By Wendell Roelf
CAPE TOWN (Reuters) - South African President Jacob Zuma said on Thursday there was no "crisis" as doubts mounted over the payment of welfare benefits to 17 million people because of a court battle involving the service-provider.
The welfare system is a lifeline for South Africa's most vulnerable and includes more than 11 million child support grants. Each month long queues form at pay points as people wait for money needed to feed their families.
Zuma told parliament his government was "doing everything possible" to ensure welfare payments are distributed.
"There is no crisis," Zuma said in response to a question from the opposition in parliament.
The chaos in South Africa's social security agency comes three years after the Constitutional Court ruled that the tender won by Cash Paymaster Services (CPS), a unit of technology company Net1, was illegal. The government had until April 1 of this year to take responsibility for social service payments or find a new provider, but failed to do so.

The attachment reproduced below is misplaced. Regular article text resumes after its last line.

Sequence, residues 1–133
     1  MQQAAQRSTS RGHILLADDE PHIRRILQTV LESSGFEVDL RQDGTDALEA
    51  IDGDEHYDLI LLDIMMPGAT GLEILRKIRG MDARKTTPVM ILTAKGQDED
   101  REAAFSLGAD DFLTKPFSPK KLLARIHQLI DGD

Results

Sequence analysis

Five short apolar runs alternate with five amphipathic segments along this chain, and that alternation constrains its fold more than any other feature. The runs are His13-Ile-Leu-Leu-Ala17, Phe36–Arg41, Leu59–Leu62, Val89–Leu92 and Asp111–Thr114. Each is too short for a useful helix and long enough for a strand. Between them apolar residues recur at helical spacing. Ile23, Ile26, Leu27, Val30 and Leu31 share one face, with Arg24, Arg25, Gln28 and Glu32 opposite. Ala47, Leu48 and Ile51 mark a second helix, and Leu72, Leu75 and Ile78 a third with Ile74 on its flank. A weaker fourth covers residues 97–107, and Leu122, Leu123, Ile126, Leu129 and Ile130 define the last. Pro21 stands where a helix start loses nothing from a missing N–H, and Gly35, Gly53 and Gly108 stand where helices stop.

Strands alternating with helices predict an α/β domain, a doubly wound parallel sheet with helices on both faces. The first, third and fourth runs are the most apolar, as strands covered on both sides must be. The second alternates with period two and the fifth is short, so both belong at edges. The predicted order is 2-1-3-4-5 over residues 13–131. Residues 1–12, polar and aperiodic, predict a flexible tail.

The country's top court is now hearing a case brought by applicants who want it to take oversight of a new contract. The Constitutional Court said it would rule on Friday.
Earlier this week the country's chief justice placed the blame for the debacle squarely on the shoulders of Social Development Minister Bathabile Dlamini, calling her inaction incomprehensible.
Zuma, however, defended his minister and rebuffed opposition calls for her removal.
"Why punish somebody before anything happens? That's a funny democracy," Zuma said.
The chief executive of CPS has said a resolution is needed urgently if April's payments are to be made on time.
Officials at the South African Social Security Agency (SASSA) have said privately the agency has opted to negotiate a new deal with CPS despite the 2014 court order. There has been no public confirmation.
A cabinet minister on Thursday said any negotiations for a new deal between SASSA and CPS were void.
Net1 said on Thursday: "Notwithstanding the uncertainty regarding its arrangements with SASSA, CPS has not in any way reduced or downgraded its operational capabilities to deliver grants."
(Additional reporting and writing by Ed Stoddard; Editing by James Macharia and)